The Fox News analyst whose brother was fatally shot in Chicago last month told The Post that Monday’s mass parade shooting outside the Windy City is another example of “soft-on-crime” policies gone awry.
Gianno Caldwell, whose 18-year-old brother, Christian Beamon, was slain by a gunman June 24, said he was trying to take his mind off his sibling’s still-unsolved slaying while at a beach in south Florida on Monday when he learned about the country’s latest mass killing.
“The ‘defund the police’ mantra has become like a disease that’s spreading from the inner cities to suburbs everywhere,” Caldwell told The Post of Monday’s bloodbath at an Independence Day parade in Highland Park about 25 miles north of Chicago.
“The idea of defunding the police and reallocating those funds comes with a mentality that criminals are embracing, which is that the police can’t touch me,” Caldwell said. “[Criminals] don’t fear [police officers] because [cops] are handicapped from doing their jobs.”
Residents in Chicago, where Caldwell, 35, grew up, no longer feel safe just going outside, he said.
“People in Chicago now fear doing their daily activities,” the TV analyst said. “That means going to work, going to school, going to the grocery store. Individuals don’t know if they’re number is going to be called next and be the person getting shot and murdered.”
The terrible optics of a holiday parade no longer being safe to the public should prompt changes in Highland Park, a wealthy enclave, Caldwell said.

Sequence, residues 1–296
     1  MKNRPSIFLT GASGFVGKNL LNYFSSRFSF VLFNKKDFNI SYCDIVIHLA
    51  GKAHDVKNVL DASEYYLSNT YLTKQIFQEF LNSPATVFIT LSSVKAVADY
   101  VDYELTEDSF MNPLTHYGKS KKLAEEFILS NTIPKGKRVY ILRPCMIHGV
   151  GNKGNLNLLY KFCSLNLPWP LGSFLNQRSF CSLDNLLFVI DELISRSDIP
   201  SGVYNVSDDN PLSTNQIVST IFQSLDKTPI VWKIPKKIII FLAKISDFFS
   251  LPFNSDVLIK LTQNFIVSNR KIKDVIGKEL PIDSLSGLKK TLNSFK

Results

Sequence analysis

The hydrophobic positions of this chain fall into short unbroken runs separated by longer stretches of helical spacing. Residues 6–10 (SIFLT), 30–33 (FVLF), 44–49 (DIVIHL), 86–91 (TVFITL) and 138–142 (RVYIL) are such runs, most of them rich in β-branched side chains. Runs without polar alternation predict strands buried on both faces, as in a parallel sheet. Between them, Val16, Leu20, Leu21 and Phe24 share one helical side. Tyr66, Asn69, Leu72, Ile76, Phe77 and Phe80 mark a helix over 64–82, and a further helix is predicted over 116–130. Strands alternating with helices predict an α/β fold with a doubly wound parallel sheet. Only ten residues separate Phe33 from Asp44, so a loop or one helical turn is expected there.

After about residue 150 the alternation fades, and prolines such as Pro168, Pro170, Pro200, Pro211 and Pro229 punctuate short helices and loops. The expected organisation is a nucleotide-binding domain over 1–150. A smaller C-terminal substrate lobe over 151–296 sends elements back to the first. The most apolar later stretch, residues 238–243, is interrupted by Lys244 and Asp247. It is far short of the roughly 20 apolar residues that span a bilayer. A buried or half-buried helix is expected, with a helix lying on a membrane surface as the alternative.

“These folks are going to demand changes immediately,” he said of the Chicago suburb’s affluent locals. “This is where millionaires and billionaires in Illinois live. If they can’t feel safe at a parade, the next election is going to be brutal. They’ve got to reverse these soft-on-crime policies.”
Cops were still searching for the parade gunman Monday. Authorities asked residents in the upscale suburb to shelter in place as the manhunt continued.
“Highland Park is a really nice area,” Caldwell said. “It’s one of those elite suburbs.”
Caldwell insisted “soft-on-crime” policies have influenced the frequency of mass shootings in the United States, where 308 incidents have been tallied so far this year by the Gun Violence Archive. The nonprofit group defines them as at least four people being shot or killed, excluding the shooter.
“It’s enabled that kind of behavior,” Caldwell said of lenient law-enforcement policies.
Meanwhile, a funeral for Beamon will be held Saturday outside Chicago, according to Caldwell, who told The Post he’s still struggling to find the appropriate words to say at the service.
“I don’t even know what I’m going to say right now, to be honest,” Caldwell said Monday.